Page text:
When the Nine return to the bench on Tuesday, the topic du jour will be habeas corpus.
The Court will kick off its second week of the October sitting with two habeas appeals: Tibbals v. Carter and Ryan v. Gonzales.
In the first case, Tibbals v. Carter, the Court will consider a Sixth Circuit decision postponing convicted murderer Sean Carter's appeals until he is competent to participate in the proceedings.
Carter was convicted in 1997 of raping and murdering his adoptive grandmother. In late 2007, he was transferred from death row at Chillicothe Correctional Institution to Oakwood Correctional Facility, a psychiatric prison, due to declining mental competency. He has since returned to Chillicothe, but former District Judge Peter Economus dismissed the prosecutors' filing to have Carter returned to death row.
The Sixth Circuit Court of Appeals affirmed Judge Economus. Prosecutors, however, oppose indefinite postponement of appeals pending competency, warning that prisoners could easily exploit the rule to evade the death penalty.
In the second case, Ryan v. Gonzales, the Court will decide whether 18 USC § 3599, which provides for the appointment of counsel to represent indigent death row inmates in habeas appeals, also allows the defendants to stay habeas proceedings until competent to participate in the proceedings.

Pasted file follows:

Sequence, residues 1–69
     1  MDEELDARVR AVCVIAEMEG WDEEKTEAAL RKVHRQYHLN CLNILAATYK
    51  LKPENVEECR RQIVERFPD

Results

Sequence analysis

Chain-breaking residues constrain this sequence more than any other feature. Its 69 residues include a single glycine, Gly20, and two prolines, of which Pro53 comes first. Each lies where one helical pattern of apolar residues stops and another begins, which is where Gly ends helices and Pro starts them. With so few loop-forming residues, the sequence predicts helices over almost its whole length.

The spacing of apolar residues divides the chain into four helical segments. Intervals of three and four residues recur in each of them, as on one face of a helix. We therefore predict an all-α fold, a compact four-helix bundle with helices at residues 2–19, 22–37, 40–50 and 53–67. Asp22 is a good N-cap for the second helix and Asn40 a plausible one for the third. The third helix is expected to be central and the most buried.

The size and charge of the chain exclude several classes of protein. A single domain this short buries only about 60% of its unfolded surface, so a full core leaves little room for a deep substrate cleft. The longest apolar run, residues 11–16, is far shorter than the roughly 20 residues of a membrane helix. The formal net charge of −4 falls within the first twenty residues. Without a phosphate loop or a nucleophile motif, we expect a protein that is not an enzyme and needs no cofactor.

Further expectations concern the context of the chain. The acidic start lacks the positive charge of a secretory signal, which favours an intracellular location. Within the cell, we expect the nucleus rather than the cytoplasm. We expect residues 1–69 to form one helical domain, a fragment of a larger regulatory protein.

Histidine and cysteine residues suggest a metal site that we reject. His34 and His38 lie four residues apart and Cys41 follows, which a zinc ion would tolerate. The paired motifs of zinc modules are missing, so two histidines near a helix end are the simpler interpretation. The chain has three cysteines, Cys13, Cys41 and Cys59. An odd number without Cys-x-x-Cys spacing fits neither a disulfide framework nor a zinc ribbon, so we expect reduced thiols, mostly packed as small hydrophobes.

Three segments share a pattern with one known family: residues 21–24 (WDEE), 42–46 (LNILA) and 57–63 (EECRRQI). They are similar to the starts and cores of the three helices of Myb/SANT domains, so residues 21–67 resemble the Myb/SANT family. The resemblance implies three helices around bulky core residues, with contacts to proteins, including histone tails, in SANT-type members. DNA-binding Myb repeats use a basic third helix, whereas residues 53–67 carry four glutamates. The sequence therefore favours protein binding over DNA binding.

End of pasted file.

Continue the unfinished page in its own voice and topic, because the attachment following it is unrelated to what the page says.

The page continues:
The appellee in the case, Ernest Gonzales, was convicted of first-degree murder and sentenced to death in 1991.
Gonzales filed a writ of habeas corpus in federal district court in November 1999. In 2006, his counsel moved to stay the proceedings pending a competency determination, arguing that right to counsel includes the right to competence during habeas proceedings when a capital habeas petitioner "raises claims that could potentially benefit from his ability to communicate rationally." Based on its Nash v. Ryan decision, the Ninth Circuit held that Gonzales was entitled to a stay pending a competency determination.
The Supreme Court's analysis in both of next week's cases could turn on Rees v. Peyton, a 1966 decision.
In Rees, the Court ordered a competency hearing for Virginia death-row inmate Melvin Davis Rees, Jr. before it would decide whether to allow him to withdraw his court challenge. In a brief order about a year later, it put the case on hold indefinitely, and never again returned to it, SCOTUSblog reports.
Since Warren Court somewhat abandoned Rees, it's harder to argue that the Roberts Court should be bound by stare decisis on the issue. We're guessing that a majority of the justices will actually agree that a defendant is entitled to be competence in a habeas hearing, but that dissenters -- most likely the originalist block -- will find that a competence determination is only required for trial and execution.
What do you think?